I love the perfect imperfections of group photos and Google's Best Take ruins that

Google Best Take Feature
(Image credit: Google)

Group photos aren’t flawless. No matter how many you take, someone is always blinking or looking distracted. Even with a countdown, it’s almost impossible to get everyone smiling and looking at the camera with both eyes open but the new Best Take feature on the latest Google Pixel 8 smartphones is setting out to change that. 

Google’s latest camera phone is undeniably impressive with a whole new list of features that makes taking and editing photos easier than ever. Powered by AI, the Google Pixel 8 Pro can now make a blurry photo sharp, remove objects, isolate sound in audio recordings and you can even create a flawless group shot. Google has basically made it impossible to take a bad photo and so easy to edit photos I can’t help but feel part of the beauty of photography has been taken away. 

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I get why Google’s AI features are desirable - after all, who wouldn’t want to make a photo perfect in just a few easy clicks? Google has given the user so much control thanks to AI that even if the photo taken isn’t quite right it can be easily edited to make it perfect. While that might create a nice picture, you’re creating something fake; a memory that never happened, and shouldn’t photos document real events?

I went to a festival over the summer and on the last day, we gathered a group of 20+ people for a photo. Despite several attempts, not a single photo managed to capture everyone looking at the camera but I’d never dream of editing them otherwise. Some of the photos weren’t the most flattering but they were real and the pictures taken reflect how everyone looked at the time - even if it wasn’t their best.

Using AI to edit images has made it much easier for photos taken on mirrorless cameras and DSLRs too. With Adobe’s generative fill tool, you can easily add objects such as clouds, or trees to a photo, or change existing features, such as the color of a building to make a photo more aesthetically pleasing. These exciting new tools are fun tools to experiment with and they allow you to be massively creative but people should know when the end product exists because of AI.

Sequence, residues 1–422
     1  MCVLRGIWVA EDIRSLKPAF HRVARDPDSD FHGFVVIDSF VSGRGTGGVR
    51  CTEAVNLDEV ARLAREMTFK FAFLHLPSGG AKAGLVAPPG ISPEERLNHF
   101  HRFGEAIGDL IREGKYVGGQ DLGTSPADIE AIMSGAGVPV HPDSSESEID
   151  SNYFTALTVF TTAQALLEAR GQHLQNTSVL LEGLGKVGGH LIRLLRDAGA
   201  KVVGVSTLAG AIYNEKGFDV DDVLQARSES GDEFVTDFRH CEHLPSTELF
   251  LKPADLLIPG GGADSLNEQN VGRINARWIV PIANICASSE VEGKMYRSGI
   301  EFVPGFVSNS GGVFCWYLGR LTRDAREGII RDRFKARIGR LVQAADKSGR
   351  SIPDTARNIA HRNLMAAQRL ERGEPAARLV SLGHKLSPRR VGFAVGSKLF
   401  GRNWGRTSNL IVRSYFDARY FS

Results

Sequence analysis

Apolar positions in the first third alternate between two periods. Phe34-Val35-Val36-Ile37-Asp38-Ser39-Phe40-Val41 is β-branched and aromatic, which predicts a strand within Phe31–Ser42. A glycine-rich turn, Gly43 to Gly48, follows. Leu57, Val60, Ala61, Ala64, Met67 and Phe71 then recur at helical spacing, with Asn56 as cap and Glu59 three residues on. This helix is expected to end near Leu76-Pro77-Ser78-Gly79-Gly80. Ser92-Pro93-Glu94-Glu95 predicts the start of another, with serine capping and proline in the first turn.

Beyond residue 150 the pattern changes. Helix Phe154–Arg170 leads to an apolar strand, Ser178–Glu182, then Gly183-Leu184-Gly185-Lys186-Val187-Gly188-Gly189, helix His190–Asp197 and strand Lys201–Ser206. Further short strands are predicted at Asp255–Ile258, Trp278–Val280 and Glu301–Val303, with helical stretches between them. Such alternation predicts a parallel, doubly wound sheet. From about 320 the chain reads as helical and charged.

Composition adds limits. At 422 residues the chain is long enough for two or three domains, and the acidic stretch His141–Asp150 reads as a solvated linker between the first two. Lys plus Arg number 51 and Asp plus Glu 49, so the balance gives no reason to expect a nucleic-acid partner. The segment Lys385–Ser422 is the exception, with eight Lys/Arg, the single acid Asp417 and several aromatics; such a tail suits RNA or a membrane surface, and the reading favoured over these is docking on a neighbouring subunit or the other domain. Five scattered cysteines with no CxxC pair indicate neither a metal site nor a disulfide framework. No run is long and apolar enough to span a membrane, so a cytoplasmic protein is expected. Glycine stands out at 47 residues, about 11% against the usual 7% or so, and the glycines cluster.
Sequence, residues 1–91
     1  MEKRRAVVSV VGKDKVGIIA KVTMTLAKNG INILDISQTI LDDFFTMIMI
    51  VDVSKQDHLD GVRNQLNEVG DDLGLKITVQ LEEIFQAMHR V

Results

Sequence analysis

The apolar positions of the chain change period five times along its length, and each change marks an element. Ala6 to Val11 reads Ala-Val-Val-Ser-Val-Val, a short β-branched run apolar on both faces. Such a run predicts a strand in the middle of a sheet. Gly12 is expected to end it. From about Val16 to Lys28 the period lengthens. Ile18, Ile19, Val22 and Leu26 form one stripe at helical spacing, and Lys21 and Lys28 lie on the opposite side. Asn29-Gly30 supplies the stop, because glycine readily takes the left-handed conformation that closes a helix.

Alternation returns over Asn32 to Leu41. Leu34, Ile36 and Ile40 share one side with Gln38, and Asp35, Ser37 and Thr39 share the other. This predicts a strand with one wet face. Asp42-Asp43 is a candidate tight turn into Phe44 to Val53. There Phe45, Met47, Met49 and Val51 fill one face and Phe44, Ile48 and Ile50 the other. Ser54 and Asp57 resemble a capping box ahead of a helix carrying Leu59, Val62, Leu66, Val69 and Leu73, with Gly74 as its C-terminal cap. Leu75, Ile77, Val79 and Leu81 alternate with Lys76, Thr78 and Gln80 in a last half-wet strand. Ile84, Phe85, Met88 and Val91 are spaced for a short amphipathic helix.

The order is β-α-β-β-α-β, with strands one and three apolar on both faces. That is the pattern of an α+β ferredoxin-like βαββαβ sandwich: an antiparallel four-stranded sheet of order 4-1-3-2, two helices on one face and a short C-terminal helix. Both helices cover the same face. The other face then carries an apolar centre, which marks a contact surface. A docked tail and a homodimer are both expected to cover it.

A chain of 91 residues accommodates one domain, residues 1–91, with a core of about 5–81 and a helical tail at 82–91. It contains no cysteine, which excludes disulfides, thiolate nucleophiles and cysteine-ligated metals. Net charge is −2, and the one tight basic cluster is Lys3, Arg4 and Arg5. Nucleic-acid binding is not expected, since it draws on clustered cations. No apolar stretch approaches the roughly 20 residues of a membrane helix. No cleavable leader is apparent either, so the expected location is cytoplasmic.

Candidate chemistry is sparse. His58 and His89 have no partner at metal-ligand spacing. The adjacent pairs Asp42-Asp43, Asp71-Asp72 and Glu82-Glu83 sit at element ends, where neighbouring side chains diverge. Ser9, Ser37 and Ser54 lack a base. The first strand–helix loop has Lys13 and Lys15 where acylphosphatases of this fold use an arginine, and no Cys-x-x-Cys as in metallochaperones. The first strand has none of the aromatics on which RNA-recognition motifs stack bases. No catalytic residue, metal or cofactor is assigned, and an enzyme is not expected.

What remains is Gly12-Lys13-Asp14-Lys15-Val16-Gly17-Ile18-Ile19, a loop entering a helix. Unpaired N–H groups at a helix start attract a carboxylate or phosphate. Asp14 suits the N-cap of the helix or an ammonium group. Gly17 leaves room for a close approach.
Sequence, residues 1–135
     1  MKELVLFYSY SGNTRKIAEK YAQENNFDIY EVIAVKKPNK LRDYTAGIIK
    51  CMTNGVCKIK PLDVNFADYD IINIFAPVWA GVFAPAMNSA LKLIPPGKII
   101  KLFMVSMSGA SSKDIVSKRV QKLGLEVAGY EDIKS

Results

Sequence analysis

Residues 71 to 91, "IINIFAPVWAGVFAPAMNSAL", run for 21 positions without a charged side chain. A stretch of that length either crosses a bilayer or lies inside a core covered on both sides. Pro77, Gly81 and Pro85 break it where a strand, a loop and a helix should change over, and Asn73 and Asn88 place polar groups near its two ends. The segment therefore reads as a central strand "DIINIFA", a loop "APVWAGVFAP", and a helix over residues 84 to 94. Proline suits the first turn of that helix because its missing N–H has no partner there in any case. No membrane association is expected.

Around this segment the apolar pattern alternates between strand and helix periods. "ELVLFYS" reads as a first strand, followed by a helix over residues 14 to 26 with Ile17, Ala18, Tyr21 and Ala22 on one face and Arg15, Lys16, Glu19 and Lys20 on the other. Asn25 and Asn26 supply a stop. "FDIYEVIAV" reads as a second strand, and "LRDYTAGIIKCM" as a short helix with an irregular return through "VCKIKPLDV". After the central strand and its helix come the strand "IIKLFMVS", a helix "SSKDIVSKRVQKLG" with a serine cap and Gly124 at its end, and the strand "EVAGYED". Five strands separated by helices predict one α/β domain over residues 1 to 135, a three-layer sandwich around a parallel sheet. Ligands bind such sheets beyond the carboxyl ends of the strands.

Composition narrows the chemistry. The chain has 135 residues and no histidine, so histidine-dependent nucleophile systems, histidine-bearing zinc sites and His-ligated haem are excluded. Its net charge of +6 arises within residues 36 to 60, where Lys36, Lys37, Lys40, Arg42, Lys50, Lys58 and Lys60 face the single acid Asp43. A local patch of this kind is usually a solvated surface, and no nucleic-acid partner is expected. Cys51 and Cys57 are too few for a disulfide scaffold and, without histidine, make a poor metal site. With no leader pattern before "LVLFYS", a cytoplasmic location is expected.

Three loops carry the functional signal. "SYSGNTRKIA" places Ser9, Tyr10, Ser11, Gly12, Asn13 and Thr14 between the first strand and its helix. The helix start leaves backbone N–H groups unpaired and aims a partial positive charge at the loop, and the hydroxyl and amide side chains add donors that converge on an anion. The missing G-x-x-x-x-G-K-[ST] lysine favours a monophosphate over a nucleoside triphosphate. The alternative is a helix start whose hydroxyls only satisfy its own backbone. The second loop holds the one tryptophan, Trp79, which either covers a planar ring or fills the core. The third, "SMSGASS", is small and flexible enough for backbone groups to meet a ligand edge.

I think transparency is the key to anything AI generated - whether you're adding objects to an image, combining multiple images to create a flawless group photo or using one-click editing tools to remove an object, unless you 'fess up people will probably think it's the real deal. I'm guilty of using AI editing tools without saying as well, now that it's so easy I'll regularly expand a background or get rid of an unsightly road sign but when I share it on Instagram (or another platform). I don't think to say  'this image has been edited using AI tools' but I should if I want to advocate for this change. 

Google Pixel 8 Pro (Image credit: Basil Kronfli)

Google would argue that the final image generated from Best Take isn’t entirely fake - the faces used to make the final photo were all real faces, taken from a selection of real photos but ultimately they’ve been combined to create something that wasn't real. 

Most of us who use Instagram already share fake photos - after all, we apply filters to stories that smooth our skin and enhance certain features - but everyone knows you've used a filter because it displays it in the top left corner. As far as I’m aware, Google is doing very little to show people an image has been edited with Best Take (or the other AI features). 

Perhaps it isn’t so important to be transparent about photos taken on a camera phone when the majority of people are taking photos for personal use rather than professional use. You’re not trying to compete for work or sell the images so does it even really matter if you’re using AI? If it makes taking the perfect image easier (regardless of whether it’s kind of fake) I guess it doesn't but for me, there'll always be something I love about perfectly imperfect group photos.

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Hannah Rooke
Staff Writer

Having studied Journalism and Public Relations at the University of the West of England Hannah developed a love for photography through a module on photojournalism. She specializes in Portrait, Fashion and lifestyle photography but has more recently branched out in the world of stylized product photography. For the last 3 years Hannah has worked at Wex Photo Video as a Senior Sales Assistant using her experience and knowledge of cameras to help people buy the equipment that is right for them. With 5 years experience working with studio lighting, Hannah has run many successful workshops teaching people how to use different lighting setups.